Self as social

I’m an introvert. I need and, indeed, quite enjoy people–but in small groups and short doses. Much as I love you, I may still need to retire alone with a book or journal or a long walk in the meadow by myself to re-charge my energies, which are low enough to begin with these days.

card_one_hedgehog2

Potter’s curled-tight hedgehog, my animal totem

I think of that as alone with my Self. But recent reading along neurological, evolutionary, and psychological lines has me questioning this Self that seems to own its singular consciousness, and makes me consider the self-less consciousness of, say, Zen Buddhism.

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From Carl Zimmer’s book Soul Made Flesh:

 

Finding the mechanisms of consciousness will not mean we lack a true self. It’s just that this self looks less and less like what most of us picture in our heads–an autonomous, unchanging being that has a will all its own, that is the sole, conscious source of our actions, and that distinguishes humans from animals. All animals probably create some kind of representation of their bodies in their brains, and humans simply create a particularly complicated model…

The human self did not reach this complicated state on its own. Thought is more like a node in the social network of our species…The human brain can make a series of unconscious judgments about people…in a fraction of a second. In recent years, neuroscientists have been mapping our the networks that make this social intelligence possible, and one of their most astonishing discoveries is that a picture of the brain thinking about others is not all that different from a picture of the brain thinking about oneself. Some neuroscientists think the best explanation for this overlap is that early hominids were able to understand others before they could understand themselves.      [italics mine]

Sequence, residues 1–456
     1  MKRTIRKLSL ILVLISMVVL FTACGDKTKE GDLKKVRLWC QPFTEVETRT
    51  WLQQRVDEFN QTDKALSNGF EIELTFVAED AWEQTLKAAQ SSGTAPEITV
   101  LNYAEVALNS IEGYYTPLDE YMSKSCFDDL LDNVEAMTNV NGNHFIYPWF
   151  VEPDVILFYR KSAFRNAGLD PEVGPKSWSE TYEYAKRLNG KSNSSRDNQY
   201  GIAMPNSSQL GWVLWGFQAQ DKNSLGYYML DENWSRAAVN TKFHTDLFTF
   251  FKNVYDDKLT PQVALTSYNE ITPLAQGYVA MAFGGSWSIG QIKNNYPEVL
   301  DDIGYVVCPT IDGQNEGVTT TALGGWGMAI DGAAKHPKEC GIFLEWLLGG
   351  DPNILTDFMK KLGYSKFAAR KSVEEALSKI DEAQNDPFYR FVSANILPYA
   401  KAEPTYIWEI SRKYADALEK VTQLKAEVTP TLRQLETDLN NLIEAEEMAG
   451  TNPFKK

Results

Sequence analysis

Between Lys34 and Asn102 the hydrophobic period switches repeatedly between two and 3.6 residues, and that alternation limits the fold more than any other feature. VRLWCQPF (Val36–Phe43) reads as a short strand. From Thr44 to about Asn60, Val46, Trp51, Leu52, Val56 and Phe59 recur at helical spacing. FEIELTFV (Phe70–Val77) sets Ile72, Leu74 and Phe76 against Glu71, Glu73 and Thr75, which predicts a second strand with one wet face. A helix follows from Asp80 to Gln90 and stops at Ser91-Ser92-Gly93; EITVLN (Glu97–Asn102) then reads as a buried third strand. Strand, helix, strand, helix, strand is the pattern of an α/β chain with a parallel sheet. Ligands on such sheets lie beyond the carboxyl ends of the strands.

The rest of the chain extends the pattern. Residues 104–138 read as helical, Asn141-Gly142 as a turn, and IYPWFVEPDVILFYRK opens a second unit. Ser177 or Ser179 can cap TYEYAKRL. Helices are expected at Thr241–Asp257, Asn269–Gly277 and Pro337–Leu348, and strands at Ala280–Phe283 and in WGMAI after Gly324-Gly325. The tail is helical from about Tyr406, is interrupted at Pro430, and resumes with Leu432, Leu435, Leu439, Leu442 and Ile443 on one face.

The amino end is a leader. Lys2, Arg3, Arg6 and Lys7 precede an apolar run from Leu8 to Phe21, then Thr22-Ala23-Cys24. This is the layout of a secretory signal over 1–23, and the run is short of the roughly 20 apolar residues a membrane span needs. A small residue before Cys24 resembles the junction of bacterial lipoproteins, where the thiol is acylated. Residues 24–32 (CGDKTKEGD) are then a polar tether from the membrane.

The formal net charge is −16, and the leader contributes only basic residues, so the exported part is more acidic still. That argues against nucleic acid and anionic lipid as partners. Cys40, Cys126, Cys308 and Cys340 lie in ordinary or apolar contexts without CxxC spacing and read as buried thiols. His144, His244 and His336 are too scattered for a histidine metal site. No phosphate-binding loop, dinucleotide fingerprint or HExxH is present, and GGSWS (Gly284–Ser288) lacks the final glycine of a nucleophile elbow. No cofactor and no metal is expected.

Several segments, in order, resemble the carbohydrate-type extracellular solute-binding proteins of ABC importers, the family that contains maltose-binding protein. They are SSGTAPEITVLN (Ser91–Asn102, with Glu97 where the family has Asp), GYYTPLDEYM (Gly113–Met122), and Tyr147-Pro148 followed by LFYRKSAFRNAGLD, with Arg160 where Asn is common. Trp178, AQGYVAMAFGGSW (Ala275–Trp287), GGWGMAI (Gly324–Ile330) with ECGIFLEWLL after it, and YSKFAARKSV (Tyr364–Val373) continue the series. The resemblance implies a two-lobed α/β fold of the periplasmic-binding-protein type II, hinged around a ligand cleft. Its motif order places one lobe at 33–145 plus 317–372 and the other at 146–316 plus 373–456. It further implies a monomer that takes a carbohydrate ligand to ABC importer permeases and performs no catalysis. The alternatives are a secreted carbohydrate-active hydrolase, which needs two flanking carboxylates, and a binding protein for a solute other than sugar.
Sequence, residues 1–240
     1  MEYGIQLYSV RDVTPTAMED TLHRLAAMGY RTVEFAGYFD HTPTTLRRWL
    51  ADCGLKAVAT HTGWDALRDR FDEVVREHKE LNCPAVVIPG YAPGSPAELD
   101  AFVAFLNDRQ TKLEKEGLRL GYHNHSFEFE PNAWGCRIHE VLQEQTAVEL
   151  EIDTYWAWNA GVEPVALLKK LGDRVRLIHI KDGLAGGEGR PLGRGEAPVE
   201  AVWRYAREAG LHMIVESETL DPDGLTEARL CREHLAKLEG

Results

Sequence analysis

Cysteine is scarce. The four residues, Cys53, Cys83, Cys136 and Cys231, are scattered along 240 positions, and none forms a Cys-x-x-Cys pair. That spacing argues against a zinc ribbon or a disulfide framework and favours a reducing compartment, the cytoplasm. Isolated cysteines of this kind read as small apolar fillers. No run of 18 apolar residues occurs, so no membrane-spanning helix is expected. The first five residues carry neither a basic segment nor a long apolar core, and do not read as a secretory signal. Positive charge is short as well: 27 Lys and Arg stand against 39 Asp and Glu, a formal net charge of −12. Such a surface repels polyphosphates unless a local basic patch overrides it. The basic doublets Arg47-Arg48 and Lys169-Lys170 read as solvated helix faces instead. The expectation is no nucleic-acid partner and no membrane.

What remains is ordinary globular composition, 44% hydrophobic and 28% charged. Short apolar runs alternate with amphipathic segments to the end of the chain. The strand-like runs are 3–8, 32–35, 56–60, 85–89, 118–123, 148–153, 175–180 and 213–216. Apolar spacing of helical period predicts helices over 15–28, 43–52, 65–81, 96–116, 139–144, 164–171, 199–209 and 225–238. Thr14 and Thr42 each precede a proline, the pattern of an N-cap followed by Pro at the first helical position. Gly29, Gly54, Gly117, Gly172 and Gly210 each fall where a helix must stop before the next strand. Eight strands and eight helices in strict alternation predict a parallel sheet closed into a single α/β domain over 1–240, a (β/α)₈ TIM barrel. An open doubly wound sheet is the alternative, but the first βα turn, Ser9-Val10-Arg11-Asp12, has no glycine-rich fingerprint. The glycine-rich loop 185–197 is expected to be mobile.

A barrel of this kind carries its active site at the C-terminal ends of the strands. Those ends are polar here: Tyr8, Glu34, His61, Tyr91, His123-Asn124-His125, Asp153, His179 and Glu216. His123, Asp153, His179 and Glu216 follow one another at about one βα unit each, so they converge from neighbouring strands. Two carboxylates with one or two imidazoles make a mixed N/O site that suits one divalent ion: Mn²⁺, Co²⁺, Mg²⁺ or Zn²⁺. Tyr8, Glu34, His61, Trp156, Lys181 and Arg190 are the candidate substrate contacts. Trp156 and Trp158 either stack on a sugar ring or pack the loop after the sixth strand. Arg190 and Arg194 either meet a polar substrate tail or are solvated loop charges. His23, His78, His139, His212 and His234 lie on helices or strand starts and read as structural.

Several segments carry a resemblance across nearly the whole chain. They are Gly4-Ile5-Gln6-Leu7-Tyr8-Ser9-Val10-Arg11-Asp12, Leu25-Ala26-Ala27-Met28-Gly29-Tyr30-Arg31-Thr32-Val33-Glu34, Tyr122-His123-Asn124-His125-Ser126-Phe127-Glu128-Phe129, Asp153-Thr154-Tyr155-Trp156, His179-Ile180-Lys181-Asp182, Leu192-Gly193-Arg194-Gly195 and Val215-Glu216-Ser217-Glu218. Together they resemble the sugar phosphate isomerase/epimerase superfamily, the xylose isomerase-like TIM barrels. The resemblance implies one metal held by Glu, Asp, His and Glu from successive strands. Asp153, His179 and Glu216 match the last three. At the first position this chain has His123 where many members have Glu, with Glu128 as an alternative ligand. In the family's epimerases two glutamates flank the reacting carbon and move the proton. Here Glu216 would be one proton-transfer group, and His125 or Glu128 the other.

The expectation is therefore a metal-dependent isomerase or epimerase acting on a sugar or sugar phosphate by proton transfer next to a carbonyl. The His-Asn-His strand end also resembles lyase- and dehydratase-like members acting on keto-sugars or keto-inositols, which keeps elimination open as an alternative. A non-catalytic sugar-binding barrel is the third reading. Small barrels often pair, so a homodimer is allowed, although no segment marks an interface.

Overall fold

In the foregoing passage, Zimmer cites Damasio, M. D. Lieberman, and an academic-philosophical article by Endel Tulving (2001) titled “Episodic Memory and Common Sense: How Far Apart?” that basically shows how little we can depend upon our own memories as “fact” and how deeply we engage in forms of storytelling to connect our memory episodes. It is possible that our general knowledge of things-as-they-are (including the behavior and “minds” of other beings) evolved before our ability to recall episodes of experience. Tulving writes:

…when we wonder which came first, episodic memory (experiences) or semantic memory (facts), common sense tells us that the answer is episodic memory. Information gets into semantic memory “through” episodic memory: First an individual has a particular experience in the course of which he, say, learns a new fact, and later on he can use the knowledge thus acquired independently of any remembering of the original learning episode as such.

This is what many experts in the area of memory have believed (and many still do) ever since the distinction between episodic and semantic memory was drawn. The careful reader of papers in this issue will be able to spot statements to this effect in various chapters. Nevertheless, although the jury is still out on this question, and although the final answer may turn out to be of a kind that almost always is reached at the end of debates (“well, it all depends”), I believe that the correct view is the reverse of common sense: information gets into episodic memory through semantic [general knowledge] memory.

He closes with the observation that “evolution is an exceedingly clever tinkerer who can make its creatures perform spectacular feats without necessarily endowing them with sophisticated powers of conscious awareness.” Darwin would not disagree.

Now to mull over the idea that my self is part of a wide-ranging network of human relationships, and hence not so entirely my “own.” Ha–I find myself of two minds (or more!) on this one.  😀